Figures of Speech FREE UNIT

Teaching Ideas and Freebies for Figurative Language

Students with Asperger's are very literal in language, for instance if you say to them, good luck on your test. They will be fine. But beyond the actual meanings of words, then the student struggles to understand. Hence, instead, if you say: 'Go break a leg', they won't understand, after all...….. why you would want them to break a leg???!!!

What do you do? You help them to understand figurative language. In fact, distinguishing between literal and figurative language is usually in the standards or curriculum for most educational jurisdictions.

So the next time you say, I'm as dry as a bone, or you are my sunshine, or I'm as happy as a clam, take the time to see if your child/student is actually understanding the phrase.

And of course, you can always use the free figurative language or figures of speech worksheets here.

Have a question? Have a request for worksheets? Let me know, we might just have what you're looking for.

SAMPLES from the Free Figurative Teaching Unit:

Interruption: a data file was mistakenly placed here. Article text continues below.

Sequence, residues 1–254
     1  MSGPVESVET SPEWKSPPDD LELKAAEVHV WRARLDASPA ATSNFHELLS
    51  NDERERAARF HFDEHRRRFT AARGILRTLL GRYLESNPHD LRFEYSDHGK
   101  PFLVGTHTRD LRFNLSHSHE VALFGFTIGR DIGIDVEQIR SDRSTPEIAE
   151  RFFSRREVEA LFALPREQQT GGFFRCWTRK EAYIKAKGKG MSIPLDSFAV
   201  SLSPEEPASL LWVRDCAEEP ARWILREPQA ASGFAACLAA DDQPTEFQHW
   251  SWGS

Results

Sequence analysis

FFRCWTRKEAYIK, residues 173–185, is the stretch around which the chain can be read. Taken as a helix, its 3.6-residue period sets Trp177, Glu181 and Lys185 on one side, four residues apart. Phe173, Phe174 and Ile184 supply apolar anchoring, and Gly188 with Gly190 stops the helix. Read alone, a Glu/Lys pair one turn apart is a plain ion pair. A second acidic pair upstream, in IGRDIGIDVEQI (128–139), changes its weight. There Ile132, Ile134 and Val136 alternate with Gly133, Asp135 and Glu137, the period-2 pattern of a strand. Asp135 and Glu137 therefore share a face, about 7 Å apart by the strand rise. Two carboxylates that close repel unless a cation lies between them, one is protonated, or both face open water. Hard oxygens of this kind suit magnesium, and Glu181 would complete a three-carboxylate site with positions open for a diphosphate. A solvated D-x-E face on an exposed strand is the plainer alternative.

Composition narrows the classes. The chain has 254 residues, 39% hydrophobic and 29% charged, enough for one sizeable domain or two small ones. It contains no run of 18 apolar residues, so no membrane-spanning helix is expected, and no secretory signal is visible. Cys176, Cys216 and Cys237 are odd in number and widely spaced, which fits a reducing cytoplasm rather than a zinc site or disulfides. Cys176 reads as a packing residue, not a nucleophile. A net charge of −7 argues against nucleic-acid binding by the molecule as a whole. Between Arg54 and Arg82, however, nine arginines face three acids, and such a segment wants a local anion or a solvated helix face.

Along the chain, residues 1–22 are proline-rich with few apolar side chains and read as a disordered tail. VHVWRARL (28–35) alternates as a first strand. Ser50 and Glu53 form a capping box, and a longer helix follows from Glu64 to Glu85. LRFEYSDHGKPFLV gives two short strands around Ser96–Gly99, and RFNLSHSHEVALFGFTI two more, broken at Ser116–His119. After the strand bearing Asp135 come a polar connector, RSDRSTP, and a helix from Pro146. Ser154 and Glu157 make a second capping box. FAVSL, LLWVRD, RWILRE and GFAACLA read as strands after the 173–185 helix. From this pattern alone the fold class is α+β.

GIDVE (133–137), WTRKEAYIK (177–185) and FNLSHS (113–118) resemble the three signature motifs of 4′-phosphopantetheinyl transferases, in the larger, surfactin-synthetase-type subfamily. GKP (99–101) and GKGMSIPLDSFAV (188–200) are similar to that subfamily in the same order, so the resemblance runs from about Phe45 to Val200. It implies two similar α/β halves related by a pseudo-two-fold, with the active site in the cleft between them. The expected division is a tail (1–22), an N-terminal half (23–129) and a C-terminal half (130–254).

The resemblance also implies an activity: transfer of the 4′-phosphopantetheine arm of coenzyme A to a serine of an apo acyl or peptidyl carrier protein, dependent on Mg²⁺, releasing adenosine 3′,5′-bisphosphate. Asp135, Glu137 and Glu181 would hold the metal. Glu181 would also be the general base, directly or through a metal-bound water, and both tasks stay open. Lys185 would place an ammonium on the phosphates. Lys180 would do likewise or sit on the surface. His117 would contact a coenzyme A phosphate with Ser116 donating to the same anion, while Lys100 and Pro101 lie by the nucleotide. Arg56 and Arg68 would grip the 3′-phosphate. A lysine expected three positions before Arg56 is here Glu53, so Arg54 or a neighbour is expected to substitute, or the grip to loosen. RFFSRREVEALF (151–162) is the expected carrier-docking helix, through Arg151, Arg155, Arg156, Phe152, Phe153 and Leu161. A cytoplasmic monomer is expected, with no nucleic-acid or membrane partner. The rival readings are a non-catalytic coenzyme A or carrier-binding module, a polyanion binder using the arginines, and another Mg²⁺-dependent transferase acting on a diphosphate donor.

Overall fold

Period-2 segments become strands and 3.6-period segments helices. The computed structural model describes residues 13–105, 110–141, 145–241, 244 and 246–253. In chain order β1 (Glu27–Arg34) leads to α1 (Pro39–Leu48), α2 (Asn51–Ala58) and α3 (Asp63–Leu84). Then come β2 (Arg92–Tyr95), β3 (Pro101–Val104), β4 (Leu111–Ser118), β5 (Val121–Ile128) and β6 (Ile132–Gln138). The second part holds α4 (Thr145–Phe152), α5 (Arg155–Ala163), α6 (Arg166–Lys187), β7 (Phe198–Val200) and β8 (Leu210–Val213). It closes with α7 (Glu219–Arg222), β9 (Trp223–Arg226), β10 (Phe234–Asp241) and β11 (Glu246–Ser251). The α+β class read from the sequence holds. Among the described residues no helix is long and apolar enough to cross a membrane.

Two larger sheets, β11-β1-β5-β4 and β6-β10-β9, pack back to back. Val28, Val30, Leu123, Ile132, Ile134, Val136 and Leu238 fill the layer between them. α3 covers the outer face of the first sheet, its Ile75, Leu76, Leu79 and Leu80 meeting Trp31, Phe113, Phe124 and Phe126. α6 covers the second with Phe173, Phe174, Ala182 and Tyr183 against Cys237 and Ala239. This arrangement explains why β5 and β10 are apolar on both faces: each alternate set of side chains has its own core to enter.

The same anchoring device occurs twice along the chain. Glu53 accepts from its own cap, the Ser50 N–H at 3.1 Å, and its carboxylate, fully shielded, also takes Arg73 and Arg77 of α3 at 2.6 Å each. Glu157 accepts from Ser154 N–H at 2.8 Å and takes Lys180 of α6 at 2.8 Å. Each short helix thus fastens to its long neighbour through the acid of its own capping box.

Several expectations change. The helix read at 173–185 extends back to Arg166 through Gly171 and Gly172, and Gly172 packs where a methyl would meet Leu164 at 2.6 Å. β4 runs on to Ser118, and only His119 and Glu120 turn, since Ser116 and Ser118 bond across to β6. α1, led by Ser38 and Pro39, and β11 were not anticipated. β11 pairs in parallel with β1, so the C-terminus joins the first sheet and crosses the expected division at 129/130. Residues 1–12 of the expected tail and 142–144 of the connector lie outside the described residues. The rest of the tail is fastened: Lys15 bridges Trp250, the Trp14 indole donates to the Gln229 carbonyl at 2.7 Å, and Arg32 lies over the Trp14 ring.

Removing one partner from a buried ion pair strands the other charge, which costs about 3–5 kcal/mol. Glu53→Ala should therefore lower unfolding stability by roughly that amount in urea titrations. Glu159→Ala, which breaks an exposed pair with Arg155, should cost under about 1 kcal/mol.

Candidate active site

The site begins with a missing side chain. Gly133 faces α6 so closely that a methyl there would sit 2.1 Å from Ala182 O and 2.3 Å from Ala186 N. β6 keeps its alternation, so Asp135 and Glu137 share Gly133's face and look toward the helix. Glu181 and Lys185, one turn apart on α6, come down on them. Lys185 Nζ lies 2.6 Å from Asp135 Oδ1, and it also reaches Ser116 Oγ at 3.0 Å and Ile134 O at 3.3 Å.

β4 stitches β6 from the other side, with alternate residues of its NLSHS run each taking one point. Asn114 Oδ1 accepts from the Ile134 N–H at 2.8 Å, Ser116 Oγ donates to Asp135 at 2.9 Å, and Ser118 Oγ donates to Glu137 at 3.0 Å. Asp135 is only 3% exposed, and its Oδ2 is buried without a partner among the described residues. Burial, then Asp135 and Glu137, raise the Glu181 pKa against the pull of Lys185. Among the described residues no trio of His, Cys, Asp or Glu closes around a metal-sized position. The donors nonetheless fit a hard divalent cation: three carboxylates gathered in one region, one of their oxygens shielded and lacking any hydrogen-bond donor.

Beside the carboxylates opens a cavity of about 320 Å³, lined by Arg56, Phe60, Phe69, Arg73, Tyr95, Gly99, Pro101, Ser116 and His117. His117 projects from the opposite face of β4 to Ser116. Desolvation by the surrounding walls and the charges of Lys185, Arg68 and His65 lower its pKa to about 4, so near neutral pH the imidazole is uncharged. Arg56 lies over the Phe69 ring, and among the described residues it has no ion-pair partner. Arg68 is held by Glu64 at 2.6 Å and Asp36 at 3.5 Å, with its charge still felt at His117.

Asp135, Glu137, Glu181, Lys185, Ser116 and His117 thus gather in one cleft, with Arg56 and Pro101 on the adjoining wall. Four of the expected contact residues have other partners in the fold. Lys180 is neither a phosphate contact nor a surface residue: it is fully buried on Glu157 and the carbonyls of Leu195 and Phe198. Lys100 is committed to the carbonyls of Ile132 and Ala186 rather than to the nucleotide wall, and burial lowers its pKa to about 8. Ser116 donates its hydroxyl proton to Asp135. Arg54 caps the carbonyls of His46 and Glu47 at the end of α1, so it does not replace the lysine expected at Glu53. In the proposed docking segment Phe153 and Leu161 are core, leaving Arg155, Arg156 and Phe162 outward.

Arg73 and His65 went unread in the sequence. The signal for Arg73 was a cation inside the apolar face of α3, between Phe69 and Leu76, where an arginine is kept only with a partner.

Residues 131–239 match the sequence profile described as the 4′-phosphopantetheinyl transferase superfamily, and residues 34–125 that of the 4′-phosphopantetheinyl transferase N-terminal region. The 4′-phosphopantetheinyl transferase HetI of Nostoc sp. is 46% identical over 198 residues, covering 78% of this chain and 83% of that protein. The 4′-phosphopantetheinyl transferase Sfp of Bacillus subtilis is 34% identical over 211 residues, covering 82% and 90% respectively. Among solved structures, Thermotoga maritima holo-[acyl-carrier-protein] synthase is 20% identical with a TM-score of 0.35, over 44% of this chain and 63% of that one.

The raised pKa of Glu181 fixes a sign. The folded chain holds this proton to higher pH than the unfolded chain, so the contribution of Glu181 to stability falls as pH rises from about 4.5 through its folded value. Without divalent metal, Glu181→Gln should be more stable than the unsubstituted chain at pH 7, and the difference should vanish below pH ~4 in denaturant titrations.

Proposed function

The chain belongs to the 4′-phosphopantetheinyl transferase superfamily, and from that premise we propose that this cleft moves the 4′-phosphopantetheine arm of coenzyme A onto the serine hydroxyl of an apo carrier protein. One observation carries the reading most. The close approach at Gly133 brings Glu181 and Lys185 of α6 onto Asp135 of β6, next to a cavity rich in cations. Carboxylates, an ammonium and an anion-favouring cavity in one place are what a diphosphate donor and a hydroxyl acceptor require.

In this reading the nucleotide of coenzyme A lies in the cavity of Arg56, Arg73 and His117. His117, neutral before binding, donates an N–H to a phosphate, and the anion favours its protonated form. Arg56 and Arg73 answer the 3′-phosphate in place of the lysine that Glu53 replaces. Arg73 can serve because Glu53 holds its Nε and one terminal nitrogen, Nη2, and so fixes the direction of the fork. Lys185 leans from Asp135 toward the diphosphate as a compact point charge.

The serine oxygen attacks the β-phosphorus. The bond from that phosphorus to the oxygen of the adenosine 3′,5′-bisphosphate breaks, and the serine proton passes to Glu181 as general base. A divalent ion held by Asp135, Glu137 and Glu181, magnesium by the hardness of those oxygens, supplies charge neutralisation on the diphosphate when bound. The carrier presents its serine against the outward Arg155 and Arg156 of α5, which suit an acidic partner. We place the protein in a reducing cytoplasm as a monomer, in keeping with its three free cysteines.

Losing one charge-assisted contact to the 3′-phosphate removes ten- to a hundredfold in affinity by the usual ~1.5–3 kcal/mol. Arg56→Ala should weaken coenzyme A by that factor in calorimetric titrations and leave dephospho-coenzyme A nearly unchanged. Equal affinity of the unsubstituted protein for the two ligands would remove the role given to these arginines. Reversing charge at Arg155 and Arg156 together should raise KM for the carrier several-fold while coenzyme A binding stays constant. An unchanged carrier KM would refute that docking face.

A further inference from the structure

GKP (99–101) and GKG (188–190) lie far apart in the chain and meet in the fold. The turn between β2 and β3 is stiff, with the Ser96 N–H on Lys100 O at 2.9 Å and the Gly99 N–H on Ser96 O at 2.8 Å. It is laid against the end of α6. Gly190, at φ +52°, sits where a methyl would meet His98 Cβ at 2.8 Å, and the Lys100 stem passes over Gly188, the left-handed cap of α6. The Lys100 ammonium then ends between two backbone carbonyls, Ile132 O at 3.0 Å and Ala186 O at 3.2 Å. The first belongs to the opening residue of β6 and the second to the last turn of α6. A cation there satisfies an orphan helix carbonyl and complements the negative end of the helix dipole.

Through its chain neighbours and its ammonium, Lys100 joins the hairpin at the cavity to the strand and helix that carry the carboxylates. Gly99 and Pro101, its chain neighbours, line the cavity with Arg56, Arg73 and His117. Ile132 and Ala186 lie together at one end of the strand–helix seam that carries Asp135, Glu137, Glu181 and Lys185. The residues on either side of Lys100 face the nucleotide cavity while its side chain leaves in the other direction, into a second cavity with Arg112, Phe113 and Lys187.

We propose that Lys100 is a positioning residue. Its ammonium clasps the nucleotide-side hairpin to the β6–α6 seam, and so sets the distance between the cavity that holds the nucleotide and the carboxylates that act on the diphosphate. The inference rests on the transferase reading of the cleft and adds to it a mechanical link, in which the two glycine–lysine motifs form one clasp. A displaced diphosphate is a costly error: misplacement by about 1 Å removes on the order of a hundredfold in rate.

Paragraph Writing Lesson

How to Write a Paragraph

Students first learn letters, then words, then sentences and then paragraphs. How far they've come when you show students where they've started.

Developing paragraph writing skills takes time and it often takes explicit instruction. Students need practice to write a strong introductory sentence and they back it up with related supporting sentences (at least three) and then they need to wrap it up with a concluding sentence that re-states the introduction sentence.

Students need to look at examples and they need time to develop their paragraph writing skills with many prompts. For instance, ask them to write down what they know about a storm they saw or a fall they had or something that happened to them.

Free Paragraph Writing Unit
Once an idea is selected, it's time to work in groups, pairs or as individuals to write a paragraph.  Let's try a storm.

Younger students will come up with something like this:

Last night there was a storm. Storms scare me. Storms cause loud thunder and lightning. I don't really like storms. I'm glad last night's storm didn't last long.

It is a paragraph, it has an introduction, supporting sentences and a concluding sentence all tied to one thought.

However, as students work with their peers, they'll come up with ways of improving their paragraphs if they get appropriate feedback. I may say, can you think of a way to expand the introductory sentence to give me a better idea about the type of storm.  I'm hoping the student will then add something like:

Last night there was an extremely loud and dreadful storm. The thunderous cracks and bolts of lightning had me sitting on the edge of my bed in fear. Etc.

Children need lots of practice writing paragraphs. To help out, try the worksheets "How To Write a Paragraph or the paragraph writing graphic organizers.